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This can be done by using ErrorDocument directive in Apache (since you are using apache) Create an HTML page anywhere in your document root </html> <head> <meta http-equiv="refresh" content="5; ,URL=http://foo.com"> </head> <body> Page not found ...Redirecting to home page in 5 seconds...</body> ...


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You'll probably want to write a rule for udev. Assuming no changes to udev.conf, your rules file should be placed into /etc/udev/rules.d/; it may help you to crib from packages' rules which may be found in /lib/udev/rules.d/. Writing good rules is a bit of an acquired art, but you could start with something simple if you have no other ttyACM* devices: # ...


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When you access the directory via a server/browser combination of any kind, your credentials are not shared, so the server does not know that the person accessing the files is you. Try chmod a+x directory_B and chmod a+r directory_B/*


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If you're new to programming, 90% that you're using Windows ! I'll show you details: With Linux: browsing the web: if you usually play flash game or flash video, you should install and use Google Chrome (not Chromium), which Adobe Flash was built-in! It's not too easy and natural to get flash cover on other browser, and they're no longer releasing new ...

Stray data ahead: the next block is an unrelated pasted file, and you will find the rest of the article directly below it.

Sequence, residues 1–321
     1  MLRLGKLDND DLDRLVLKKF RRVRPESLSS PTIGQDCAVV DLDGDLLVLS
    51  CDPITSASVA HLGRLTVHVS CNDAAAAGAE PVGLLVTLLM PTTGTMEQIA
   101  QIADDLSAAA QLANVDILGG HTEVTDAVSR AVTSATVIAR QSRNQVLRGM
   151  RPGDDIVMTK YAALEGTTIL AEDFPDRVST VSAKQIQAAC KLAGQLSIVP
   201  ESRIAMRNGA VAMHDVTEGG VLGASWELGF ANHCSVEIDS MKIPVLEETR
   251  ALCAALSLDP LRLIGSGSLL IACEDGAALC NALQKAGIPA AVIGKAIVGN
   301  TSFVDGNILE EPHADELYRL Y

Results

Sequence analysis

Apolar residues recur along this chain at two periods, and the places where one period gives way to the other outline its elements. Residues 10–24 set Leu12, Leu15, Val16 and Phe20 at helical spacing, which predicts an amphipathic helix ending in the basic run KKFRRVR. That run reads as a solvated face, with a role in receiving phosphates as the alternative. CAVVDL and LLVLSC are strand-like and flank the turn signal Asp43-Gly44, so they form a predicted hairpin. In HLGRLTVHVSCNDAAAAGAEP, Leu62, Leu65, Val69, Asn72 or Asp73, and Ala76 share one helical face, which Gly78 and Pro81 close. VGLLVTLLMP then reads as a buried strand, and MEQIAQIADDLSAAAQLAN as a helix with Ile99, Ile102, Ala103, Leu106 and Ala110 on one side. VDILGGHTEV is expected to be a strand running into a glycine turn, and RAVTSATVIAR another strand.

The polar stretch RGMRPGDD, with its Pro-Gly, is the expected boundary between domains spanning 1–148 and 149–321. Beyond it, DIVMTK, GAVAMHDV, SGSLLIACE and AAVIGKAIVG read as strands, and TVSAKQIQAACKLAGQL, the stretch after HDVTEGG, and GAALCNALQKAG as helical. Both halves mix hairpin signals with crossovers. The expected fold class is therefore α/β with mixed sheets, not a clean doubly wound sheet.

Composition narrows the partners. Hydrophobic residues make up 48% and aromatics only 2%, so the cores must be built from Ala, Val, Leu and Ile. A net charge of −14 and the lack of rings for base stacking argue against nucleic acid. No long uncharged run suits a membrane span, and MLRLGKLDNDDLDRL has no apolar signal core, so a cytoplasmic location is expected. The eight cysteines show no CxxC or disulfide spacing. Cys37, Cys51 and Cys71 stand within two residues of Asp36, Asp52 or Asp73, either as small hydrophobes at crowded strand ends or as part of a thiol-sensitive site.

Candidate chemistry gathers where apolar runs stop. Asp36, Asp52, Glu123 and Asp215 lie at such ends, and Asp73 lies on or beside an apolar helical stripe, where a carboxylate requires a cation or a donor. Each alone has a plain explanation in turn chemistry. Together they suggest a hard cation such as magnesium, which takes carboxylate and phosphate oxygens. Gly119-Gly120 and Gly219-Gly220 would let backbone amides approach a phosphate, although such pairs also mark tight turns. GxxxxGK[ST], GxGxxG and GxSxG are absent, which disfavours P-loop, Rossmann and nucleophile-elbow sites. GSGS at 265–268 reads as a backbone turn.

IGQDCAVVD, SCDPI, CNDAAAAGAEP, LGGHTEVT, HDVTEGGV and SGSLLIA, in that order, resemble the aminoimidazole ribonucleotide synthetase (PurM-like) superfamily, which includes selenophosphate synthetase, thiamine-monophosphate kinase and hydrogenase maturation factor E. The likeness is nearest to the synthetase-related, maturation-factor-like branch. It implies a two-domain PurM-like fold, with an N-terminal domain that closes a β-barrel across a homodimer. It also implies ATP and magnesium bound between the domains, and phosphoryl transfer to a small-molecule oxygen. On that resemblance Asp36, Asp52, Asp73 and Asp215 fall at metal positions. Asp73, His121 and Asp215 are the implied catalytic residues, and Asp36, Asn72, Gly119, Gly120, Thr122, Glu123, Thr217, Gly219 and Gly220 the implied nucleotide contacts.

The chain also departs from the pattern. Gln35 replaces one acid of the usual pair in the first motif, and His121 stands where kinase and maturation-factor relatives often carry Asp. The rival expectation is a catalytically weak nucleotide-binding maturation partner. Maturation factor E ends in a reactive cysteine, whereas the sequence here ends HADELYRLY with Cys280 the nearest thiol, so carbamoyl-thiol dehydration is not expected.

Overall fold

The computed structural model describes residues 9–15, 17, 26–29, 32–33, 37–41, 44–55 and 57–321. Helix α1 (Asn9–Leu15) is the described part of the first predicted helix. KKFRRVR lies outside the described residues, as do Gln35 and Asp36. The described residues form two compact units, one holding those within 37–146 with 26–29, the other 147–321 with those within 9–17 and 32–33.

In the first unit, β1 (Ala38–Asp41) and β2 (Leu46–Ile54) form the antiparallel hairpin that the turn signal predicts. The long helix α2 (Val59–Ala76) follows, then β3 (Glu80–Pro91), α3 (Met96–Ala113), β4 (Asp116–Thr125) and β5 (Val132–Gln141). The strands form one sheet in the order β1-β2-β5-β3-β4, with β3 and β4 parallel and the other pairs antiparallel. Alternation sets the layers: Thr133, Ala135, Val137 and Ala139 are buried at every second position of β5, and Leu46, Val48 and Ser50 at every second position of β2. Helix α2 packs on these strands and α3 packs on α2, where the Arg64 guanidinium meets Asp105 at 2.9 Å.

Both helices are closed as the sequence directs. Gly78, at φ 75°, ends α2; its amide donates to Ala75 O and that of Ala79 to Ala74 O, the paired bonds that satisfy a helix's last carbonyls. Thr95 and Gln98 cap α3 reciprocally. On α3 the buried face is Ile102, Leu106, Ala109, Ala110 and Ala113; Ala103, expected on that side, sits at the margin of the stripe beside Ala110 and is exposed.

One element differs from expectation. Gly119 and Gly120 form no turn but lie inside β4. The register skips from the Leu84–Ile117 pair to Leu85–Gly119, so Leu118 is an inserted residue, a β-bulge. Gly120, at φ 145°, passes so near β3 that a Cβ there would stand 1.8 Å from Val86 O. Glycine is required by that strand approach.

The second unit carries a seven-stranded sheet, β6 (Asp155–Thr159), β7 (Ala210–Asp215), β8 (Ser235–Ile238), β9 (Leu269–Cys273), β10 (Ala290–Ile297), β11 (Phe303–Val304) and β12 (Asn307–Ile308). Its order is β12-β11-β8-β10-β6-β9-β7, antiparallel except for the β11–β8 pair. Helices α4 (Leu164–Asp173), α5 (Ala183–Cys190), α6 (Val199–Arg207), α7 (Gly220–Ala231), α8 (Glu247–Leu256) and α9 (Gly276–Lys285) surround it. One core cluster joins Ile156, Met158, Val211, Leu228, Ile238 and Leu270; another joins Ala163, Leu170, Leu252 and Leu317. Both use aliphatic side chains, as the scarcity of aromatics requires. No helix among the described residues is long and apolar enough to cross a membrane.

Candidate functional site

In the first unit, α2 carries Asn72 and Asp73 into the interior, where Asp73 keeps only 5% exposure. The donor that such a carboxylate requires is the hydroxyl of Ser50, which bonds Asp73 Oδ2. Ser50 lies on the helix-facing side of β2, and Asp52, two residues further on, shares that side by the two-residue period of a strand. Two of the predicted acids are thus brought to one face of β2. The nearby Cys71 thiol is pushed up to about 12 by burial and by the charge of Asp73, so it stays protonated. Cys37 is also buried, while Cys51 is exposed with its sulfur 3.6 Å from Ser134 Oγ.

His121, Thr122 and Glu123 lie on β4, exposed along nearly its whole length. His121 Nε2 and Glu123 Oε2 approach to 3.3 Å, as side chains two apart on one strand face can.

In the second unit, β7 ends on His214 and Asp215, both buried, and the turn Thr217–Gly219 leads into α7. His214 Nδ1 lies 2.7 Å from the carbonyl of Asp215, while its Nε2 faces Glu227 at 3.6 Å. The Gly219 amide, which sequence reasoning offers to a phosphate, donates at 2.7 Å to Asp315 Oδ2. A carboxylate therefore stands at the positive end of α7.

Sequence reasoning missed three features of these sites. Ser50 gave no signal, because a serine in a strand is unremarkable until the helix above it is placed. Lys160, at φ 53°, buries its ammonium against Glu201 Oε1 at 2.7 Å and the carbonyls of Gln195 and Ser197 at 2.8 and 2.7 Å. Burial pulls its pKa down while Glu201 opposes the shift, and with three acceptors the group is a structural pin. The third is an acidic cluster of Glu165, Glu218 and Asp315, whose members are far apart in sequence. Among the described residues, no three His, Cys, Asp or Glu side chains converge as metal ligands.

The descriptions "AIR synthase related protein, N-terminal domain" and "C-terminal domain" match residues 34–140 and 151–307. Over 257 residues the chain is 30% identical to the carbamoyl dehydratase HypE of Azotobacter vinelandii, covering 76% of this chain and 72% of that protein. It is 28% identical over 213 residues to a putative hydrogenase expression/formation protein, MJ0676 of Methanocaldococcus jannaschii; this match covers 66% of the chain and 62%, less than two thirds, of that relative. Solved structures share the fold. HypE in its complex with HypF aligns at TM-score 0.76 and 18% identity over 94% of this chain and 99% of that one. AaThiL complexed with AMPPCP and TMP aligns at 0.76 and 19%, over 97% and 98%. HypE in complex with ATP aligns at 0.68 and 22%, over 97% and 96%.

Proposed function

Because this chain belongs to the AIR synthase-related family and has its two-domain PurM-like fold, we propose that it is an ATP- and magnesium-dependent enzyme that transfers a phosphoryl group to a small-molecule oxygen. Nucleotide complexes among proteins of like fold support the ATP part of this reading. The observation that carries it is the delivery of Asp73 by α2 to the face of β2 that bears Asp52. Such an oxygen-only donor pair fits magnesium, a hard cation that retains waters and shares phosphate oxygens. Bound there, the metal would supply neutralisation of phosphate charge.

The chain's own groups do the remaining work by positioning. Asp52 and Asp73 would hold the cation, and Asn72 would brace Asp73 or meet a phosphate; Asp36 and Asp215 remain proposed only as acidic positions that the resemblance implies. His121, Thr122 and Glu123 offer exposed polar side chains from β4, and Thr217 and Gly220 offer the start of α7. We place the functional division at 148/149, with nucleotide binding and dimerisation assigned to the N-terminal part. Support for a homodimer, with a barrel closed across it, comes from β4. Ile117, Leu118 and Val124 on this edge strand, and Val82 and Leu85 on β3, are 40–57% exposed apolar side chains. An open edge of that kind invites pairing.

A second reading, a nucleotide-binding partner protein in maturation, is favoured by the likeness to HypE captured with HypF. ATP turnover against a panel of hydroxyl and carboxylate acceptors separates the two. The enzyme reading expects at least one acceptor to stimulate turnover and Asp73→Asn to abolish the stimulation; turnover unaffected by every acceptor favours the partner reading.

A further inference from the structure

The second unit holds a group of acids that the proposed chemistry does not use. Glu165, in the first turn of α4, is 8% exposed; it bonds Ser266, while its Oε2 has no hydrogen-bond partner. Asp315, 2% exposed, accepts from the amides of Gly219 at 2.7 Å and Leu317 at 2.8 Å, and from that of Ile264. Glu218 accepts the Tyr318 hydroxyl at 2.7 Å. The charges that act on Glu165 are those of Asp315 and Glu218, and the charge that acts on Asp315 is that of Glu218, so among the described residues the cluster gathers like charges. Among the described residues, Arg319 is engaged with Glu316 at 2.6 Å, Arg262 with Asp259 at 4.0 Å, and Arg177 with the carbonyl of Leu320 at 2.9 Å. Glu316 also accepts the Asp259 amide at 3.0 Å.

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Yes, you understand correctly. You can run multiple operating systems on one PC. If you install any modern Linux distro on your computer, keeping the Windows partitions, you'll be able to select the OS on each boot. If you want to keep it short and simple, use one of the 'easier to use' distros like Linux Mint or Ubuntu. At least those two have an ...


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Currently I can think of three ways: The first is to use knockd - my favorite - (http://www.zeroflux.org/projects/knock/) and configure a port sequence only you remember and let knockd open SSH for the IP address you are referring from. knockd is available in a debian package and a sample configuration (/etc/knockd.conf) can be: [options] logfile = ...


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Simplest answer: use dynamic DNS There are some free (for private use) options around like noip.com, or dyndns.org EDIT: You have to create a script (for example) that updates the iptables rules constantly, I forgot to mention that earlier. (Thanks to @Lambert) EDIT2: I don't use a beautiful solution like that, but you could try out this neat python ...


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The right way to modify the home directory for a user is to use usermod. Using usermod -d /var/www.html username (as privileged user, i.e. root or using sudo) the home directory will be changed to the desired location.


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Read carefully passwd(5) then edit (very carefully, as root) the /etc/passwd file. You may want to change the home directory of your user, i.e. change the 6th field of the line describing your user. Alternatively, read much more about ssh and its configuration thru $HOME/.ssh/config and other files etc etc.. Very probably Putty is also configurable. I am ...



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